Dr. Brown on the Adoption of Genetic Testing

Jubilee Brown, MD
Published: Wednesday, Aug 22, 2018



Jubilee Brown, MD, professor of gynecologic oncology, Levine Cancer Institute, Carolinas HealthCare System, discusses the adoption of genetic testing into routine clinical practice.

The adoption of genetic testing has become more widespread, says Brown, but not widespread enough. In 2014, the Society of Gynecologic Oncology released guidelines stating that all women with ovarian cancer should undergo genetic testing. In addition to these guidelines, Brown says that the media has helped significantly in bringing genetic testing to the forefront of the conversation. An example of this would be when Angelina Jolie came forward saying that she had testing. This caused a big uptake, says Brown.

Additionally, there are references to testing in the mainstream press, explains Brown. If someone picks up a magazine in a grocery store, they are likely to read about genetic testing. The goal now, says Brown, is to continue to educate people who should be tested, and dispel common misconceptions. Within the medical community, Brown says family practice doctors and internists also need to be educated on testing, as they are the physicians who are the most likely to encounter the people who stand to benefit the most from testing.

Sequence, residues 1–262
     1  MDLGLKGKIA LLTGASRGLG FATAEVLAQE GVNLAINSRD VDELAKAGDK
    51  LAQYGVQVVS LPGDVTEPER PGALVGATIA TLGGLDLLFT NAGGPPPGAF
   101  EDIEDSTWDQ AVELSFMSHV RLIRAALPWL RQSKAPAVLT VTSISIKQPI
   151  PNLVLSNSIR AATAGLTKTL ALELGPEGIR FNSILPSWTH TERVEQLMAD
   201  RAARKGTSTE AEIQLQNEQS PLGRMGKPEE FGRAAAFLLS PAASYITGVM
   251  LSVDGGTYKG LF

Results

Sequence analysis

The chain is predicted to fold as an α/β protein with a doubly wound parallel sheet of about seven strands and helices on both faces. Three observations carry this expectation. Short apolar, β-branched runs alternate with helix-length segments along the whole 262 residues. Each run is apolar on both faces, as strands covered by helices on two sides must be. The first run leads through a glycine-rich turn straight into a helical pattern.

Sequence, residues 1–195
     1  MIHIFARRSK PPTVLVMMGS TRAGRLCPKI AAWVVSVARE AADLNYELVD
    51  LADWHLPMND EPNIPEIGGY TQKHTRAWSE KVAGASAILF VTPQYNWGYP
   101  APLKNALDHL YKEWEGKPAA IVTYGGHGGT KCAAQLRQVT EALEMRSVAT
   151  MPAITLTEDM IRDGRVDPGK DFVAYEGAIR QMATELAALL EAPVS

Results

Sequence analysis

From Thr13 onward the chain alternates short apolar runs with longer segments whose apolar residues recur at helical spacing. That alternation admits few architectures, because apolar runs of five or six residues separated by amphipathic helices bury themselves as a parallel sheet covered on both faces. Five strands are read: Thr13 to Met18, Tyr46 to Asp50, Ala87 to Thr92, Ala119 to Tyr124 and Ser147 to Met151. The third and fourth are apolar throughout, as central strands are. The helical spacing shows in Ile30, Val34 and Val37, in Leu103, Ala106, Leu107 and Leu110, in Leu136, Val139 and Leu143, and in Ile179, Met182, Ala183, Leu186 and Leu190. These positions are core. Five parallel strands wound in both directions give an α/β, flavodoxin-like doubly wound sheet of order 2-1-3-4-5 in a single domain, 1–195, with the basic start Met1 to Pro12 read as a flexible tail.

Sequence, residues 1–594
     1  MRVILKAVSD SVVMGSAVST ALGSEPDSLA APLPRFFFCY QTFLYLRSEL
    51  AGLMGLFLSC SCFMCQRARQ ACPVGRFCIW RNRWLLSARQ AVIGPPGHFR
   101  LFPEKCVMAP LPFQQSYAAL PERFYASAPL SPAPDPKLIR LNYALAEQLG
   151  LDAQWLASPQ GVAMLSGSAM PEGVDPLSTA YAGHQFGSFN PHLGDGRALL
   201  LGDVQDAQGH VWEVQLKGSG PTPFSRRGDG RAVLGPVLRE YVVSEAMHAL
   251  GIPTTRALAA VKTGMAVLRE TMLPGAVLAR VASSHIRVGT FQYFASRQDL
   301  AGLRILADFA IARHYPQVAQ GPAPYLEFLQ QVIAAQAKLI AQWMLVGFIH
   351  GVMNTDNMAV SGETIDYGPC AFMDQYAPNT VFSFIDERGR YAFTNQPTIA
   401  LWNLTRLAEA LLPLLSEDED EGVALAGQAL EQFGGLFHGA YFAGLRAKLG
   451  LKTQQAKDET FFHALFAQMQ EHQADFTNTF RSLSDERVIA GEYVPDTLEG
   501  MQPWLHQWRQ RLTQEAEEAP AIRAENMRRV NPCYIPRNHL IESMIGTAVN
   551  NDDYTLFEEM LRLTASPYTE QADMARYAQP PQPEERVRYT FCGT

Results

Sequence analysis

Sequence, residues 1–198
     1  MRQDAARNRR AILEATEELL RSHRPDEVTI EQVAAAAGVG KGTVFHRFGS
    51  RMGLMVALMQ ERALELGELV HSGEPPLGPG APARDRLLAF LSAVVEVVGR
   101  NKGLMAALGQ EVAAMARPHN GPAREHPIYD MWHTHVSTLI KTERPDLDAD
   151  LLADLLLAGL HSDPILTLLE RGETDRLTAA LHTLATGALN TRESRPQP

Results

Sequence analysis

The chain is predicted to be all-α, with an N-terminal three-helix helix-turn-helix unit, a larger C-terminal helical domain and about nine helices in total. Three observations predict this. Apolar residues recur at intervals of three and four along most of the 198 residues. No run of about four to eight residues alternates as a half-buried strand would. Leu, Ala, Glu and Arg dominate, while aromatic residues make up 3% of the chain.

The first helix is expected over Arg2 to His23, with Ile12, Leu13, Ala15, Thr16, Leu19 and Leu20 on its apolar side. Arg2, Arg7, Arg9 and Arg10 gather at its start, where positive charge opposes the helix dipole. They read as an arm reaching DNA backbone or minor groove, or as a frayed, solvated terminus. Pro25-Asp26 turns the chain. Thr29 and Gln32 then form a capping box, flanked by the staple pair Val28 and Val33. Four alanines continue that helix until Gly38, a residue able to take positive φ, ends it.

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Jubilee Brown, MD, professor of gynecologic oncology, Levine Cancer Institute, Carolinas HealthCare System, discusses the adoption of genetic testing into routine clinical practice.

The adoption of genetic testing has become more widespread, says Brown, but not widespread enough. In 2014, the Society of Gynecologic Oncology released guidelines stating that all women with ovarian cancer should undergo genetic testing. In addition to these guidelines, Brown says that the media has helped significantly in bringing genetic testing to the forefront of the conversation. An example of this would be when Angelina Jolie came forward saying that she had testing. This caused a big uptake, says Brown.

Additionally, there are references to testing in the mainstream press, explains Brown. If someone picks up a magazine in a grocery store, they are likely to read about genetic testing. The goal now, says Brown, is to continue to educate people who should be tested, and dispel common misconceptions. Within the medical community, Brown says family practice doctors and internists also need to be educated on testing, as they are the physicians who are the most likely to encounter the people who stand to benefit the most from testing.

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